Cruciferous Veggies for a Healthy Tomorrow
We’ve heard it a million times “eat your vegetables” but maybe we should say “eat your cruciferous vegetables.”
A big part of a healthy midlife diet should include these high fiber, bioactive vegetables. Cruciferous vegetables get their name from the cross-like (crucifix) flower shape of the plant. These super vegetables have been shown to be protective against breast cancer.
Since both my mom and grandmother died of breast cancer, I want to do what I can to protect myself, so along with monthly self exams and annual mammograms, I now include cruciferous super foods into my diet at least three to five times per week.
Not long ago, we made a cruciferous-serious salad of brussels sprout and kale. It’s since become a favorite in our household.
Meet Members of the Cruciferous Family
|Chard||Chinese Cabbage||Collard Greens|
In a recent study of women in China who were already diagnosed with breast cancer, researchers found that women who consumed the most cruciferous vegetables were 62% less likely to die of breast cancer and 35% less likely to have a recurrence of the disease, compared to those who consumed the least. I think that’s pretty powerful research.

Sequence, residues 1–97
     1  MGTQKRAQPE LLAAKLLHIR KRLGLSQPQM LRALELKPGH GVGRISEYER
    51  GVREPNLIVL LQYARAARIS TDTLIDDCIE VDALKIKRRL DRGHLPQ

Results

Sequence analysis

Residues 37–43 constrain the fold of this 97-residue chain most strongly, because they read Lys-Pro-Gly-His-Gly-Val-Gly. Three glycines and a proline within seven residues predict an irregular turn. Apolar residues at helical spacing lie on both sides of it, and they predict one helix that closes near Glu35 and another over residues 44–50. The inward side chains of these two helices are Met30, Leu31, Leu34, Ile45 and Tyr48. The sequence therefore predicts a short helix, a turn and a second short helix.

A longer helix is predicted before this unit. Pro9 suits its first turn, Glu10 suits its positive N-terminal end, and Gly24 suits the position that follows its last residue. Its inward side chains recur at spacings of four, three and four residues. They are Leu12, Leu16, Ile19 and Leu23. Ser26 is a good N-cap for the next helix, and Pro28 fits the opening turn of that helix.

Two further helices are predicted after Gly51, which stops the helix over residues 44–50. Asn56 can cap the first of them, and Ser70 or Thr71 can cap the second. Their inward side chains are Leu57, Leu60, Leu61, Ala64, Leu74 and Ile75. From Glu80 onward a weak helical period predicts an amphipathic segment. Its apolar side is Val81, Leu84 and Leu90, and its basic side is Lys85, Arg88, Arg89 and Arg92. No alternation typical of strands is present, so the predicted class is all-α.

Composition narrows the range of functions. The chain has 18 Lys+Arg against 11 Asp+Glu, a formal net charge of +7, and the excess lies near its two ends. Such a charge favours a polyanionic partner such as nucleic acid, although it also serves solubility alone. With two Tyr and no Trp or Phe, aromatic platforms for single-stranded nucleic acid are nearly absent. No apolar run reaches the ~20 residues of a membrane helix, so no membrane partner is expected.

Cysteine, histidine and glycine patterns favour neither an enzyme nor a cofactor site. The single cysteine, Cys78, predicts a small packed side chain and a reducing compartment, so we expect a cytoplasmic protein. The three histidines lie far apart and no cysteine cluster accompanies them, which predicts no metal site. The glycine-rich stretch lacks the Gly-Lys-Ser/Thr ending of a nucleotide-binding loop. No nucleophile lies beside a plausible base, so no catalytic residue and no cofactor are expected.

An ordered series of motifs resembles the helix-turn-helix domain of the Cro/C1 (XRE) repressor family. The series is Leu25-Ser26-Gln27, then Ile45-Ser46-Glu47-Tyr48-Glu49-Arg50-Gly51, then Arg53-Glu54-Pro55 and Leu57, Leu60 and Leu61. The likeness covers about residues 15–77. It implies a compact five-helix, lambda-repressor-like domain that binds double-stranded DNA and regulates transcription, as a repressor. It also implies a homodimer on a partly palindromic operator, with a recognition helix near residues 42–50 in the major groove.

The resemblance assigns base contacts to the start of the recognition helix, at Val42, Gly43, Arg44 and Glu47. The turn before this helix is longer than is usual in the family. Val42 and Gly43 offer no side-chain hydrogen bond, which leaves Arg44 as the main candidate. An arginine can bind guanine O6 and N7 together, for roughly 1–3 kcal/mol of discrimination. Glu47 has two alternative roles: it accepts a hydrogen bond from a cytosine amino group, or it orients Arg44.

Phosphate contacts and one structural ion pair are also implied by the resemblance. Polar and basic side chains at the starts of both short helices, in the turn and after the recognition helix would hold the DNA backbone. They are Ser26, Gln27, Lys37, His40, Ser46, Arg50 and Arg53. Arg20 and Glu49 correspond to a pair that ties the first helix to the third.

Sarah Nechuta, a researcher at the Vanderbilt Epidemiology Center in Nashville, TN and lead author states “this study suggests that cruciferous vegetables and the bioactive compounds in them may be protective against breast cancer.” This is also among the first research to examine women after a breast cancer diagnosis.
The Shanghai Breast Cancer study included nearly 5,000 women between the ages of 20 and 75 years old. The participants were interviewed about 6 months after diagnosis and asked questions about diet, lifestyle and other clinical factors.
They also asked about their intake of cruciferous vegetables at 18 and 36 months after their diagnosis. Those whose consumption was in the top 25% were 62% less likely to die of breast cancer over a five year period. What’s even more interesting is that the same top 25 group were 62% less likely to die of any cause than the bottom 25%.
Nechuta also states that “The Vanderbilt group previously found a link between cruciferous vegetable consumption and fewer deaths and less heart disease among Chinese adults, suggesting that this food group might bestow overall survival benefits.”
This same researcher did note that North American women may not see the same benefits since different cruciferous vegetables with different bioactive compounds are more popular in the U.S., like broccoli rather than bok choy.
Either way, adding more cruciferous vegetables to your diet can’t hurt and will most likely be quite beneficial. Why not make these changes starting today and embrace a healthier you!